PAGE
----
Rabbi Yaakov Galinsky zt”l was imprisoned along with other yeshiva bocherim in 1941 in a railway boxcar bound for Siberia. There was barely any air, food or water. The train rolled along for 2500 miles; the trip lasted over one month. When they finally reached this frozen wasteland, their task – these starving yeshiva boys -- was to cut down trees so huge that it would take a ring of at least twelve men to surround them. In sub-zero temperatures, wearing rags, they had hardly any food, and I will not tell you what the cook threw into the soup.
“Do you see this gate behind me?” the camp commander told them. “You came in … but you won’t go out…. You have been sentenced to twenty-five years [for the crime of learning Torah!]. It’s possible to survive a year, maybe two … but not more. The hunger and cold will kill you…. You will never leave this place [alive].”
In fact, Rabbi Galinsky survived and reached the Holy Land!
Last week, a businessman told me that he is afraid to go into Manhattan at night. He knows a lady, a mother of children, who was attacked on the street. A bystander called the police, who dispersed the attackers, but no one was arrested. There is no bail. Stores are closing because shoplifting goes unpunished. “Rabbi Chanina, the Deputy Kohain Gadol, says: pray for the welfare of the government, because, if people did not fear it, a person would swallow his fellow alive.” (Pirkei Avos 3:2)
In Mitzraim, our ancestors sunk to the forty-ninth level of impurity before Hashem saved them. Pesach is about what happens when you reach the bottom.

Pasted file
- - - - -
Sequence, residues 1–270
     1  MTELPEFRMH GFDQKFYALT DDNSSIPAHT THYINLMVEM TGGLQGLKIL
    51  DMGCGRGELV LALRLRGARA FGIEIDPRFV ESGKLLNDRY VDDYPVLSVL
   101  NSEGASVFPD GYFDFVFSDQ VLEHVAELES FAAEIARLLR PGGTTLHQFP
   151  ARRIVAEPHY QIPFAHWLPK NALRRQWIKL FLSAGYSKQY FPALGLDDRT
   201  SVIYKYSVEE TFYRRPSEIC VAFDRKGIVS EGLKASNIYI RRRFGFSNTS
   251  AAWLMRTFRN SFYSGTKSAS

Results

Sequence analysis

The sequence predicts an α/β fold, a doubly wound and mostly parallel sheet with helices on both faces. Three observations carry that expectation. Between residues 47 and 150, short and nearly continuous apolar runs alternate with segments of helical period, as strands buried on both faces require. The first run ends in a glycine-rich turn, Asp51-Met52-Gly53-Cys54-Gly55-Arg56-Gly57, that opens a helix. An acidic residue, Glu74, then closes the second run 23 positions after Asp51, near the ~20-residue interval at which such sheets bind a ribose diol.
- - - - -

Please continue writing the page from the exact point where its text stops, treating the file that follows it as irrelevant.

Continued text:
Why is it that Redemption always comes from the bottom?
“In the generation that [Moshiach] the Son of Dovid will come … the entire [world] will convert to heresy …. for Rabbi Yitzchak said: [Moshiach] will not come until the entire [world] converts to heresy.” (Sanhedrin 97a) The Gemora supports that statement with a verse from the Torah: “All of it has turned white; it is pure.” (Vayikra 13:13) This verse alludes to the sickness called “tzara’as.” According to halacha, when tzara’as covers part of a person’s body, he is impure, but when it covers his entire body, he is pure. (Negaim 8:1) Similarly, “when heresy spreads across the entire world, the time for redemption has come.” (Sanhedrin 97a)
When I was 23 years old and we had been married a few years, our world seemed to be caving in. Suddenly, just before the bottom fell out, I had this amazing realization that … perhaps G-d is real! This was when our life turned around.
Decades later, after a very difficult surgery, I had a dream. In this dream, I was in the Bais Hamikdosh, the Holy Temple! Hashem brought me there, but I had to go through the Valley of Death to get there.
At the end of Shabbos, it is traditional to sing a beautiful niggun. “Hashem is my shepherd… In lush meadows He lays me down, beside tranquil waters … He restores my soul…. Though I walk in the valley overshadowed by death, I will fear no evil, for You are with me….” (Tehillim 23) Why do we have to walk through the Valley of Death before we are redeemed?
Maybe we don’t get serious until we are scared stiff.
When the world turns dark, I suddenly find out that I need G-d.
My friends, that is what happened in Mitzraim, Ancient Egypt. That is the story of Pesach. According to all commentators, the vast majority of the Children of Israel never left Mitzraim. They were swallowed up in the Plague of Darkness.
My chavrusa sent me a story about how the Chassam Sofer would tell his family at the Pesach Seder each year how the Jews in Egypt were frightened during the Plague of the Firstborn. Locked in their houses, they heard horrible cries around them. Was it only the Egyptians, or were Jews also dying?
In the End of Days, he said, we will again be tested by fear.
In Mitzraim, those who listened to Moshe Rabbeinu were saved. Today, the lesson has not changed: we have only the steady, quiet voice of Torah to guide us. As we enter Zman Chairusainu, the Season of our Freedom, Hashem is walking alongside us.
The darkness will end; our Redemption will come. All the words of our Prophets and Rabbis agree; there is absolute certainty. We must only hang on the way our ancestors clung to the words of Moshe Rabbeinu. The sun will rise on a perfect day.
Chag Kasher v’Sameach, a sweet Pesach to Am Yisroel.